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Deaths on crowded Mount Everest: Why is there a jam on the world's highest peak?

Choo Yun Ting

The Straits Times/Asia News Network

 /  Sun, May 26, 2019  /  09:09 am
Deaths on crowded Mount Everest: Why is there a jam on the world's highest peak?

In this file handout photo taken on May 22, 2019 and released by climber Nirmal Purja's Project Possible expedition shows heavy traffic of mountain climbers lining up to stand at the summit of Mount Everest. Three more climbers have died on Everest, expedition organisers and officials said on May 24, taking the toll from a deadly week on the overcrowded world's highest peak to seven. (Handout/Project Possible/AFP/File)

At least 10 people have died climbing Mount Everest this week.

The world's highest peak has attracted large crowds in recent days, but this has also contributed to the growing number of fatalities in Nepal's Himalayan mountains.

At least 20 people have died climbing in the Himalayas this season.

A photograph taken by mountaineer Nirmal Purja from Mount Everest shows a long line of climbers queueing to ascend a steep ridge to the summit, and the crowd in his picture provided a glimpse into the tough conditions at the summit of the mountain.

Several climbers died while waiting to descend the mountain this week.

Why is there a jam?

A few days of clear weather this week has attracted large numbers of climbers looking to summit the 29,029-ft mountain.

An estimated 600 people had reached the summit via the Nepal side by Friday, a government official said, based on information from expedition organizers.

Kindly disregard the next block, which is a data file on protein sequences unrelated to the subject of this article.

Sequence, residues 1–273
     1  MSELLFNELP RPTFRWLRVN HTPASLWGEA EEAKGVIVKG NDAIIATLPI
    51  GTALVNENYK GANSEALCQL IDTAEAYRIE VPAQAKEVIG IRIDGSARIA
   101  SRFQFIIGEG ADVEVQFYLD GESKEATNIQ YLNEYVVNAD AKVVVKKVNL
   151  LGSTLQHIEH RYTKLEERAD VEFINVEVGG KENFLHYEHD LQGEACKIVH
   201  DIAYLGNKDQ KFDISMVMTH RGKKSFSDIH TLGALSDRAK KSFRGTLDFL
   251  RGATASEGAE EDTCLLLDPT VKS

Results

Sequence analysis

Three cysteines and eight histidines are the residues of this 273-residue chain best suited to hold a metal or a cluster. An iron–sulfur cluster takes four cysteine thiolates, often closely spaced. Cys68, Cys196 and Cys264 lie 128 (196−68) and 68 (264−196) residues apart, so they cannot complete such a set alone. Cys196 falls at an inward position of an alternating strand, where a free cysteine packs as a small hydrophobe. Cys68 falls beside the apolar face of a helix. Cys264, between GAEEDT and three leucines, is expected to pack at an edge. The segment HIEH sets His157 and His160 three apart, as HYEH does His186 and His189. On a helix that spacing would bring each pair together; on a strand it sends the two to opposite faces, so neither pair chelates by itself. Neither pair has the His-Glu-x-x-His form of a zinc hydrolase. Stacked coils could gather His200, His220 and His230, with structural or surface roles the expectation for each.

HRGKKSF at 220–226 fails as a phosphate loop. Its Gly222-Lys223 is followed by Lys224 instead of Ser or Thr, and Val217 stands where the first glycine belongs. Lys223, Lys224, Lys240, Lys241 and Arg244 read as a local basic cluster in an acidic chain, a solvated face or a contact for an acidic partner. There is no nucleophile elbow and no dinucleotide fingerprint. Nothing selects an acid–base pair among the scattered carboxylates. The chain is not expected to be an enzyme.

According to AFP, Nepal has issued a record 381 permits - which cost about US$11,000 (S$15,100) each - to hopeful climbers this year.

Hikers are accompanied by local or international guides on their journey, meaning that more than 750 climbers are expected to tread the same path.

In addition, at least 140 others have been granted permits to scale Everest from the northern flank in Tibet.

This means that the total number of climbers reaching the peak this season could surpass last year's record of 807.

Read also: Everest braces for record year amid overcrowding fears

According to experienced guides, queues at the summit of Everest are not uncommon.

This is due to the unpredictable and sometimes narrow window of suitable climbing weather, which may result in many climbers attempting to reach the summit at the same time.

Director of programs at Alpine Ascents International Gordan Janow, who has been organising treks to Everest for around 30 years, told AFP that the overcrowding seems to be worsening every year.

Why is the congestion at the summit dangerous?

Traffic jams on the mountain are hazardous for climbers, who are often already exhausted and carrying heavy loads while battling altitude sickness.

An Indian climber who died on Everest this week, Anjali Kulkarni, died while descending from the top of the mountain.